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Mandatory 14-day isolation on all arrivals take effect

PM warns of legal measures, police crackdown on isolation violators

Quarantine officials direct travellers arriving from overseas to designated bus stop at the Incheon International Airport on Wednesday. Yonhap
Quarantine officials direct travellers arriving from overseas to designated bus stop at the Incheon International Airport on Wednesday. Yonhap

South Korea on Wednesday implemented a 14-day mandatory isolation procedure for all visitors from abroad, stepping up efforts to limit the influx of novel coronavirus infections.

From midnight Tuesday, Koreans and foreign nationals arriving from aoverseas are required to enter 14 days isolation at home or in government facilities regardless of having symptoms linked to COVID-19. Those staying in government facilities are required to cover the daily cost of about 100,000 won ($81).

While the arriving passengers are required to use their own vehicles to reach their destinations, a number of local governments have rolled out special buses and other vehicles to transport residents. On Wednesday, about 7,700 people were expected to arrive in Korea, including 309 Koreans arriving from Italy aboard a chartered flight.

Prime Minister Chung Sye-kyun again warned of stern legal measures against those violating isolation rules. Speaking at the government response team meeting, Chung said that isolation measures must be strictly enforced despite the expected burden on local governments.

“Self-isolation is an enforced legal measure for protecting the community,” Chung said, saying that there have been cases of Koreans returning to the country violating regulations.

“Violations will be met with zero-tolerance, and (will be) reported or deported,” Chung said, calling on concerned government agencies to sufficiently inform those entering the country.

With more overseas Koreans returning to the country, there has been an increase in the number of imported COVID-19 cases. About 5 percent of Korea’s COVID-19 patients are those who contracted the disease outside of the country. According to the Korea Centers for Disease Control and Prevention, Korean nationals account for over 90 percent of COVID-19 cases where infection occurred overseas.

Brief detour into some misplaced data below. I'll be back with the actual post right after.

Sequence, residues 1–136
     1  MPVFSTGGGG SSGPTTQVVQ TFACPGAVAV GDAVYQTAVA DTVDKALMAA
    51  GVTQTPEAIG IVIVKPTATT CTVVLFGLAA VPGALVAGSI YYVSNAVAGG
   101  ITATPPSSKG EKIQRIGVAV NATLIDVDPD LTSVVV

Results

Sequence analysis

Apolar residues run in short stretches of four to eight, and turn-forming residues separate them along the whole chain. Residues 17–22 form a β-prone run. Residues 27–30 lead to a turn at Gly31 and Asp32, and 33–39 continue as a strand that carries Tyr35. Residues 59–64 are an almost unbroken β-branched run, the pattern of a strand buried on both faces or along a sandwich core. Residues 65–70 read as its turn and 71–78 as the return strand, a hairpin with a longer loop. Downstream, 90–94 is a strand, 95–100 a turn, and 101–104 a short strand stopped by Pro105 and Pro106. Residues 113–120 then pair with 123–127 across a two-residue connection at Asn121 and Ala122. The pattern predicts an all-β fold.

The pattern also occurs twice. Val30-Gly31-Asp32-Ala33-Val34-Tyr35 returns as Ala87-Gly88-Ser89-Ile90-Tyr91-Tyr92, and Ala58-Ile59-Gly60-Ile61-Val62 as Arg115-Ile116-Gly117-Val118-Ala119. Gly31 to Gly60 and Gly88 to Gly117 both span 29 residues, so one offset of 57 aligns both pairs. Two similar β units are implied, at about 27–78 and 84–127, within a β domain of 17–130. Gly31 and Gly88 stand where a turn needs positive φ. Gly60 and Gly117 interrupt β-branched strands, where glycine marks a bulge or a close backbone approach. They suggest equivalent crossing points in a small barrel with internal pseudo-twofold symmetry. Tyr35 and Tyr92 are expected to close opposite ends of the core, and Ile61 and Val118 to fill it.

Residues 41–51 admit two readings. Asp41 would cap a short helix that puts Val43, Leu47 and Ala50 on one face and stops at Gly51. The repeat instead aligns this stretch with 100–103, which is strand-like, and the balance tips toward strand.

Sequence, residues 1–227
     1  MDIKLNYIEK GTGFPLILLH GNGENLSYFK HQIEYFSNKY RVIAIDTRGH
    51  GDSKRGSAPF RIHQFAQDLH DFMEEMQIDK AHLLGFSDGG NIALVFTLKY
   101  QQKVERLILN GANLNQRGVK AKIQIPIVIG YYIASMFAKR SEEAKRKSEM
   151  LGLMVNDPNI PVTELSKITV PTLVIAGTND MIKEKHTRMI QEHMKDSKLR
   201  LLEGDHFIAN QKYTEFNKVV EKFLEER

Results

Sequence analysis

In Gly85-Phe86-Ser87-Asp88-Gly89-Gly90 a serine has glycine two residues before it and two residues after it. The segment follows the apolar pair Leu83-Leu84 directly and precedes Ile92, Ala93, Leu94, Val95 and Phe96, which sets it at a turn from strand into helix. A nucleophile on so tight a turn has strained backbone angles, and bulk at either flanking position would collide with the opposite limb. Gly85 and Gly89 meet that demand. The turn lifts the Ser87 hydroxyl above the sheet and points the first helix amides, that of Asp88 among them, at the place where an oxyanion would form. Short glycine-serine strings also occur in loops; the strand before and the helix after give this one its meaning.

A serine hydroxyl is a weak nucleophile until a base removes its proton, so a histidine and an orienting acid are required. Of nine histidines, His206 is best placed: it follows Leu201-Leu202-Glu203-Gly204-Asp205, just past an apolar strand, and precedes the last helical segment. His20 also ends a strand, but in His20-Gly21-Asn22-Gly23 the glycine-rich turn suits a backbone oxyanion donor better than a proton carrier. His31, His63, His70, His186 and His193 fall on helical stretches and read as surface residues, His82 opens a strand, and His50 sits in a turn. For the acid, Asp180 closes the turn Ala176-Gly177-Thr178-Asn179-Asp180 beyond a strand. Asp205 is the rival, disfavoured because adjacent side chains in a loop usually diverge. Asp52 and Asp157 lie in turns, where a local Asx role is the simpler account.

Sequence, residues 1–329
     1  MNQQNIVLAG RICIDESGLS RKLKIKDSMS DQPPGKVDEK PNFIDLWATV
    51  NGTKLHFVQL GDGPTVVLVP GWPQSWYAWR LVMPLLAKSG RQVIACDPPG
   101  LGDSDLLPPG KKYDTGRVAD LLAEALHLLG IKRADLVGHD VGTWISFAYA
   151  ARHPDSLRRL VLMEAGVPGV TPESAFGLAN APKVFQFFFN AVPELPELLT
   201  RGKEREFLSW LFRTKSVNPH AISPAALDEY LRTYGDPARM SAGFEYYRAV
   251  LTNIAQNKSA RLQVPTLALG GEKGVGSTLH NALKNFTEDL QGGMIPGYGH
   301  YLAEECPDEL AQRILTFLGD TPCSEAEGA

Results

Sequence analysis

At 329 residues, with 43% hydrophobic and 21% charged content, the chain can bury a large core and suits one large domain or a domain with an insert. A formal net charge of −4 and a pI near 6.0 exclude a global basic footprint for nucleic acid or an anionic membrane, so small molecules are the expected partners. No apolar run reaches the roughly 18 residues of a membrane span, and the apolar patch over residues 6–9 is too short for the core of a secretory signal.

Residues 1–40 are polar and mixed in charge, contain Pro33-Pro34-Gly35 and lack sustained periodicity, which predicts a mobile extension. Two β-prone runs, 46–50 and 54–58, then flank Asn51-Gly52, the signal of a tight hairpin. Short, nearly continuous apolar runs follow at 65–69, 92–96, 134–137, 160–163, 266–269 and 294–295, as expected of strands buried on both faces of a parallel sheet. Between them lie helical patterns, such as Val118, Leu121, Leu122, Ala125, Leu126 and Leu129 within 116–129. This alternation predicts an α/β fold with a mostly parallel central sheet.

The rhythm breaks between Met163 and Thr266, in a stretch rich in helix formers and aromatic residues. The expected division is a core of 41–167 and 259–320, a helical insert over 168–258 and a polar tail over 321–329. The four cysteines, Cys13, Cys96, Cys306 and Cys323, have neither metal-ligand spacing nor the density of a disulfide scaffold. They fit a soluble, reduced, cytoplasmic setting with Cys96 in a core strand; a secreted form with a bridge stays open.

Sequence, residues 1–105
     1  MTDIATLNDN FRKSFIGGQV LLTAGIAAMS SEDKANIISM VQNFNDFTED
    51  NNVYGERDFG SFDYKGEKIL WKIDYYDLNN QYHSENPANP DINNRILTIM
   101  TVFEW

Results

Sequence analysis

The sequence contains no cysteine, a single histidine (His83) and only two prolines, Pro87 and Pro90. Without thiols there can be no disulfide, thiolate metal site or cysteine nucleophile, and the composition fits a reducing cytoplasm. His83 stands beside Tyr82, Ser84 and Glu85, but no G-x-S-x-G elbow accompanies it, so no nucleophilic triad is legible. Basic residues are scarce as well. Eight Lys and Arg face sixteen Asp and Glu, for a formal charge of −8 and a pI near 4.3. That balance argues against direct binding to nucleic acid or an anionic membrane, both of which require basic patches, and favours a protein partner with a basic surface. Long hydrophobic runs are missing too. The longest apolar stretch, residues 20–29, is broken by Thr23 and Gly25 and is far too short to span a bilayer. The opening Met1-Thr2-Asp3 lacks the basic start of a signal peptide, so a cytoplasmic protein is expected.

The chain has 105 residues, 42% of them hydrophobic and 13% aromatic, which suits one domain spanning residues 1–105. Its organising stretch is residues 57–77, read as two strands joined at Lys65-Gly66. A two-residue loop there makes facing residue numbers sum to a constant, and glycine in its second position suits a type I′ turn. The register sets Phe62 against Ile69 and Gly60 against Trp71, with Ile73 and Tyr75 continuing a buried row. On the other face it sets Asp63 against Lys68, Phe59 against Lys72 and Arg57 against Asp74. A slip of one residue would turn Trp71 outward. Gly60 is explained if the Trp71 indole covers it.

In addition, a number of cases of COVID-19 patients violating self-isolation rules are in the spotlight, with some local governments choosing to take legal measures against the violators.

In response, authorities have begun to crack down on violators. Police have so far apprehended 45 individuals who violated self-isolation rules. Of the 45, six were transferred to prosecutors with recommendations for indictment.

Under revised regulations, those violating isolation measures imposed during an outbreak of infectious disease can be punished by up to one-year imprisonment or a fine of less than 10 million won.

Meanwhile, the number of confirmed cases and COVID-19 deaths in Korea came to 9,887 and 165, respectively, at midnight Tuesday, rising by 101 and three from the previous day.

Of the 101 new cases, 36 were from overseas – 33 Korean nationals and three foreign nationals – with the majority having come from Europe and the Americas.

The outbreak in Daegu and North Gyeongsang Province, which account for more than 80 percent of Korea’s COVID-19 cases, appears to have been mostly brought under control, with the number of cases in the two areas seeing an increase of 22.

In contrast, new cases in Seoul and the surrounding Gyeonggi Province account for a large part of the number, with 47 of Tuesday’s 101 being located in the area. 

By Choi He-suk (cheesuk@heraldcorp.com)
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